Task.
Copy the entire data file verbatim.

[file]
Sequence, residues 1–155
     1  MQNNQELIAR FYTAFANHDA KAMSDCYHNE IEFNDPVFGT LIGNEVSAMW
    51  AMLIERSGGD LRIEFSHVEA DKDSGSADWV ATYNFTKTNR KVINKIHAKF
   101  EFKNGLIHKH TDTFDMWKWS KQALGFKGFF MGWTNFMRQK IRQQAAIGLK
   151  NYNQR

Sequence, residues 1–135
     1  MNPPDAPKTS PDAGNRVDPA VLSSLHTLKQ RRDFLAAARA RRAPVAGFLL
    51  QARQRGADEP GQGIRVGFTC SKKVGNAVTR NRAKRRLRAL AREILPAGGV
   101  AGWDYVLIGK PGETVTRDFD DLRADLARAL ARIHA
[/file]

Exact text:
Sequence, residues 1–155
     1  MQNNQELIAR FYTAFANHDA KAMSDCYHNE IEFNDPVFGT LIGNEVSAMW
    51  AMLIERSGGD LRIEFSHVEA DKDSGSADWV ATYNFTKTNR KVINKIHAKF
   101  EFKNGLIHKH TDTFDMWKWS KQALGFKGFF MGWTNFMRQK IRQQAAIGLK
   151  NYNQR

Sequence, residues 1–135
     1  MNPPDAPKTS PDAGNRVDPA VLSSLHTLKQ RRDFLAAARA RRAPVAGFLL
    51  QARQRGADEP GQGIRVGFTC SKKVGNAVTR NRAKRRLRAL AREILPAGGV
   101  AGWDYVLIGK PGETVTRDFD DLRADLARAL ARIHA